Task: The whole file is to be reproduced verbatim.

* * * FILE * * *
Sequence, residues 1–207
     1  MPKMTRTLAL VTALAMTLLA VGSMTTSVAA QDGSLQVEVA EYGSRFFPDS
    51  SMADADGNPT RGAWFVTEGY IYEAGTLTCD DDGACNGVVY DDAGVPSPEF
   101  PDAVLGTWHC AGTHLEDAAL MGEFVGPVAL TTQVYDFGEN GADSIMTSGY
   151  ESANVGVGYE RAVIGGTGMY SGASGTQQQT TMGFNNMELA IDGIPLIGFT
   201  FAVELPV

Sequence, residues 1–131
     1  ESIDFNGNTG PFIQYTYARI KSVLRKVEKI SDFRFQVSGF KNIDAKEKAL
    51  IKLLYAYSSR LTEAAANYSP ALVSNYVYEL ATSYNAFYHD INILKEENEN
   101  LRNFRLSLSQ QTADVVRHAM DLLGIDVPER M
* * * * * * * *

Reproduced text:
Sequence, residues 1–207
     1  MPKMTRTLAL VTALAMTLLA VGSMTTSVAA QDGSLQVEVA EYGSRFFPDS
    51  SMADADGNPT RGAWFVTEGY IYEAGTLTCD DDGACNGVVY DDAGVPSPEF
   101  PDAVLGTWHC AGTHLEDAAL MGEFVGPVAL TTQVYDFGEN GADSIMTSGY
   151  ESANVGVGYE RAVIGGTGMY SGASGTQQQT TMGFNNMELA IDGIPLIGFT
   201  FAVELPV

Sequence, residues 1–131
     1  ESIDFNGNTG PFIQYTYARI KSVLRKVEKI SDFRFQVSGF KNIDAKEKAL
    51  IKLLYAYSSR LTEAAANYSP ALVSNYVYEL ATSYNAFYHD INILKEENEN
   101  LRNFRLSLSQ QTADVVRHAM DLLGIDVPER M